or arthritis), but several carefully conducted studies have demonstated no difference
in the incidence of these diseases in women with and without silicone gel implants.
Modern silicone gel implants contain a "cohesive" type of silicone gel. If cut, this material
does not run out, but acts like a "gummy bear".
Silicone gel implants have been subject to a great deal of scrutiny and research during the
1990's and 2000's, and on November 17, 2007, they were again released for use in breast augmentation.
More details about silicone gel-filled breast implants are available here.
Another type of implant, filled with soybean oil, has been used to facilitate mammograms,
since the mammogram can see through oil but not water. However, due to concerns about
the stability of the oil over time, these implants have been recalled, and any woman
will oil-filled implants is urged to contact her physician to consider removal of the
oil-filled implants. Dr. Nachbar has never used oil-filled implants.
The implant used can have a smooth surface or a textured (rough) surface.
The texturing was originally introduced in silicone gel implants to reduce the
incidence of capsular contracture around the implant. A smooth implant will settle into the
breast more quickly and easily than a
textured implant, and may be less likely to show wrinkling.
A specialized type of textured implant is the "Anatomical" or "Teardrop" implant.
These implants are not round, and must be textured to keep them from turning the wrong
way in the pocket. These implants have a width that is different from the height,
and may be helpful in special situations. However, the final shape of the breast
is determined by the breast and muscle tissue, rather than the implant, which
is not strong enough to hold against the force of the tissue.
The implants can be inserted through incisions under the breast, underneath
the areola (the dark skin around the nipple), in the axilla (armpit), or
through the umbilicus (belly button). While all of the incisions heal fairly well,
the incision under the breast is the most easily hidden, and allows the best
access to the implant cavity.
A scar in the axilla is an exposed area in bathing suits
or evening wear, and positioning an implant through this incision is less precise than
through incisions on the the breast. Nonetheless, for a woman who wants to avoid
an incision on the breast, the axillary incision can work quite well.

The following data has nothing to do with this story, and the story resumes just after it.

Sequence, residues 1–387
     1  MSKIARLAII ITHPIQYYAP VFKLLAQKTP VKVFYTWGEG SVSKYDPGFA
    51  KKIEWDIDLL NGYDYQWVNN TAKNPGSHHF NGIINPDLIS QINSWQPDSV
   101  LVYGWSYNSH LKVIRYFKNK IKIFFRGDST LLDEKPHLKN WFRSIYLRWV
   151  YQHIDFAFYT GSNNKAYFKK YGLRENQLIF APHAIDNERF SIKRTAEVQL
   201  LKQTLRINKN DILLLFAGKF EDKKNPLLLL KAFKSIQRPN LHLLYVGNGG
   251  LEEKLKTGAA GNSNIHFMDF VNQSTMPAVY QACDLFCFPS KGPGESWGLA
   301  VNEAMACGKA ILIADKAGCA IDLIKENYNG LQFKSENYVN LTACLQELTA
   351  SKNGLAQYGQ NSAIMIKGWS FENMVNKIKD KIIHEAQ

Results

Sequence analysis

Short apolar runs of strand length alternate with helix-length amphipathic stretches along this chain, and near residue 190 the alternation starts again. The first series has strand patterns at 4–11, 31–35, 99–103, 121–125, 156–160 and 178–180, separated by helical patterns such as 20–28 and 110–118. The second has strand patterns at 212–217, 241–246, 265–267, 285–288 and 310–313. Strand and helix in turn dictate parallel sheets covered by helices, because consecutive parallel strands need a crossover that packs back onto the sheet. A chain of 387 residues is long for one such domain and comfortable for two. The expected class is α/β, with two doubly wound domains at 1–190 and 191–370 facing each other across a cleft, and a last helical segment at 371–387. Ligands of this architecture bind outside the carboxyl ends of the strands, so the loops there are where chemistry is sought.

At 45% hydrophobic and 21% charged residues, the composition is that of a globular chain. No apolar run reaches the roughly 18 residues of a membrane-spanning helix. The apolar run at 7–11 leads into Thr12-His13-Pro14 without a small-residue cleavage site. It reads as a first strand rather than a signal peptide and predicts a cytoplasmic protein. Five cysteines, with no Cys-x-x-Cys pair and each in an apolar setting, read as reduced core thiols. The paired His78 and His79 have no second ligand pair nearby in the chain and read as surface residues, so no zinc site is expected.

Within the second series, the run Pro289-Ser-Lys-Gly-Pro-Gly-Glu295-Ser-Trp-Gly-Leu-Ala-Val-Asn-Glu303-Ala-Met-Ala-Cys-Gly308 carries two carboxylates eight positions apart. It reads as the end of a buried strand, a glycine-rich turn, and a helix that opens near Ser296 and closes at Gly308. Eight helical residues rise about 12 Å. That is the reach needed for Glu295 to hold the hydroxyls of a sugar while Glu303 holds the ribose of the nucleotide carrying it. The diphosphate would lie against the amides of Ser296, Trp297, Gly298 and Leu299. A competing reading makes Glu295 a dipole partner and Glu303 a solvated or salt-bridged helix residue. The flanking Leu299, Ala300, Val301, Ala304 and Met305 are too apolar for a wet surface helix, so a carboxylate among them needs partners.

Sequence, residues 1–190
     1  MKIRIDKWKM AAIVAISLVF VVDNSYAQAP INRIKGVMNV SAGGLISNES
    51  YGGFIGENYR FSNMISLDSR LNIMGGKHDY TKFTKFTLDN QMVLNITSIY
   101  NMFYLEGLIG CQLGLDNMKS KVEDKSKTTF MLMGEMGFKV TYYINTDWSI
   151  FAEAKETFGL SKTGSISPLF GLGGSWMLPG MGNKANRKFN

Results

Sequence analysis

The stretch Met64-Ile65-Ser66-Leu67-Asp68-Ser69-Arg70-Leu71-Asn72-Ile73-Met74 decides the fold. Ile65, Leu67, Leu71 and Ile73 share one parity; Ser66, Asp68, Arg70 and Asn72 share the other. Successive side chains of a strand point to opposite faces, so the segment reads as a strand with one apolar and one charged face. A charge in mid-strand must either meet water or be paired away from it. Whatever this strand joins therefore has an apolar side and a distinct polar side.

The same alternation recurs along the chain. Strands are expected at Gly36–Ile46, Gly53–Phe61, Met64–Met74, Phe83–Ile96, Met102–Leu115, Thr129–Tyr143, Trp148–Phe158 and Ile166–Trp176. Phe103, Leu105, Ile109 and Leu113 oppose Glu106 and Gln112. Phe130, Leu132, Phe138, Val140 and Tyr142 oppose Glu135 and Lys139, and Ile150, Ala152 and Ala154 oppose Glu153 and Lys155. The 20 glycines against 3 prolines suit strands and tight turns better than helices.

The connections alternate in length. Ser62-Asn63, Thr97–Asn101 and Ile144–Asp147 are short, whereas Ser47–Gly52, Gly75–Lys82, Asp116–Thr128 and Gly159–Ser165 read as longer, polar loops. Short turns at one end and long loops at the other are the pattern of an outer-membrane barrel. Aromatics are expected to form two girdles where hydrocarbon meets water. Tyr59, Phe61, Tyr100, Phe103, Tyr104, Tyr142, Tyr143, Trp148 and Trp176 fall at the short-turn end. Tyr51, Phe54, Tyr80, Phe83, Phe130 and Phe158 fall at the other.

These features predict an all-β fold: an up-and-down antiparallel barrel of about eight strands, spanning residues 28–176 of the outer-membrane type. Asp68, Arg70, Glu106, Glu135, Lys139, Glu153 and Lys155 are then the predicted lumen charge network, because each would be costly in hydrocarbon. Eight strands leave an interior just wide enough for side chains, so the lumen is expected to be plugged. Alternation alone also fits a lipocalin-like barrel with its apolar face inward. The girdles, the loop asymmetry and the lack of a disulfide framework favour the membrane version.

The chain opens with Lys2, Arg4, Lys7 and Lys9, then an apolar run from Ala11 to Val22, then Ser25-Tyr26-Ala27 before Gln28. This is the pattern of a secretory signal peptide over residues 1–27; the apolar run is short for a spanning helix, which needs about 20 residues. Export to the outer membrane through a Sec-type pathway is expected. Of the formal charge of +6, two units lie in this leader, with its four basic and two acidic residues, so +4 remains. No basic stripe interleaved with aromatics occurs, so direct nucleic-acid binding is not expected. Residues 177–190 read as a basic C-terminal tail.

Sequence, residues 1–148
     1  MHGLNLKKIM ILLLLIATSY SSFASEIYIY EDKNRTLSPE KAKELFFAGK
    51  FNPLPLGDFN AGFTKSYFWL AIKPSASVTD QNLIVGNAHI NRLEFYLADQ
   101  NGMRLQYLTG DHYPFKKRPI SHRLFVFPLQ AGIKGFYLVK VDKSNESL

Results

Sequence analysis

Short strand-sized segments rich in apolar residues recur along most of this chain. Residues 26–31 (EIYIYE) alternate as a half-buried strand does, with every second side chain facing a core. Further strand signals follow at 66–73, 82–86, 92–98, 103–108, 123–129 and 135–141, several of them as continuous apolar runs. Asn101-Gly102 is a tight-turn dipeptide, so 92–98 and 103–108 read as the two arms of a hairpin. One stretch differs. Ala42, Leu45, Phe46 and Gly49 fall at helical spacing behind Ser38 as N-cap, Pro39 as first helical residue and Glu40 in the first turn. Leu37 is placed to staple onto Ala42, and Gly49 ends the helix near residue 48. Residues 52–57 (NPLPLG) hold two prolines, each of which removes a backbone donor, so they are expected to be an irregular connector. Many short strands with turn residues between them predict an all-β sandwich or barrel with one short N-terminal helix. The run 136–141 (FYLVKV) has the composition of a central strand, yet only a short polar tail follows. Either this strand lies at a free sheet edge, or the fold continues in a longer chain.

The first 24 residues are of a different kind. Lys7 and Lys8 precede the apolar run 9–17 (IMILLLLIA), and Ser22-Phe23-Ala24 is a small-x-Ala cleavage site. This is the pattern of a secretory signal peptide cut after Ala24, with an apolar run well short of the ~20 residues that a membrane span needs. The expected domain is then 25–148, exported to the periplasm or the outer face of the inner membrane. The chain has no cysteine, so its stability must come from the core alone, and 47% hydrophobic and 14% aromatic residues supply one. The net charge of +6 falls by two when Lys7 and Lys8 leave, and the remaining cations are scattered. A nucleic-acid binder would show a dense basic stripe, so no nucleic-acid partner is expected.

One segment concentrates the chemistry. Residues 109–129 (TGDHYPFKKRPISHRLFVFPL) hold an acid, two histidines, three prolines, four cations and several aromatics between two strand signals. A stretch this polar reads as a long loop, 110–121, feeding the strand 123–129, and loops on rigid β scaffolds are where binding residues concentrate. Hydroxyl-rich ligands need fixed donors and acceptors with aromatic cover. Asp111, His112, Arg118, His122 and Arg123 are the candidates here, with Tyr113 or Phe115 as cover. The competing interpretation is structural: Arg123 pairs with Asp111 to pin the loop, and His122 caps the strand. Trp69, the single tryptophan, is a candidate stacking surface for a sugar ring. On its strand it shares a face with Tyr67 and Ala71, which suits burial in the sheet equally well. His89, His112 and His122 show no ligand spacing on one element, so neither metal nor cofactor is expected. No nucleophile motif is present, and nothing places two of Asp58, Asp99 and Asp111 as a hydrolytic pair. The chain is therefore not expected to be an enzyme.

The incision around the areola is up front, the scar is often lighter than the
surrounding skin, and nipple sensation and breast feeding are more likely to be affected by this
incision. This is true because, unlike the other incisions, surgery through the
incision around the areola goes through the breast itself, rather than around the breast.
Insertion through the umbilicus makes it hard to position the implant
accurately, generally allows placement only above the muscle, and puts
significant stress on the implant. Few Board Certified Plastic Surgeons insert
the implant through the umbilicus.
Dr. Nachbar can place the implant through any of
these incisions (except the umbilicus incision), but most often uses a 3.5 centimeter
(just under 1 1/2 inch) incision under the breast. Of course, a somewhat larger incision
will be required for a silicone gel-filled implant.
The implant can be inserted under the breast alone, or at a deeper plane, under both the
breast and the Pectoralis Major Muscle. An implant placed under the breast has less tissue
covering it, and so may be more visible than an implant placed more deeply; wrinkles in the
implant may be more visible as well.
All implants block the view of some of the breast tissue on mammogram, and a
more superficial implant may block more of the breast tissue.
An implant placed under the muscle will tend to look higher, since the
muscle will push down on the implant, holding it up; this may
produce a less natural shape, although it does improve significantly over the
first weeks and months following surgery. An implant placed
under the breast (above the muscle) will "settle" into the breast more quickly,
giving a more natural shape,
especially early on. However, like a normal larger breast, the breast will probably develop
drooping more quickly as the breast tissue and implant pull on the breast skin, stretching it.
After surgery, the patient goes home in an elastic wrap. After the first day,
the wrap may be removed, and either a loose elastic sports bra, the original elastic
wrap, or a light shirt may be worn, at the patients preference. In any case, the bra
or wrap should not be tight or push upward on the breast. Showering is permitted, and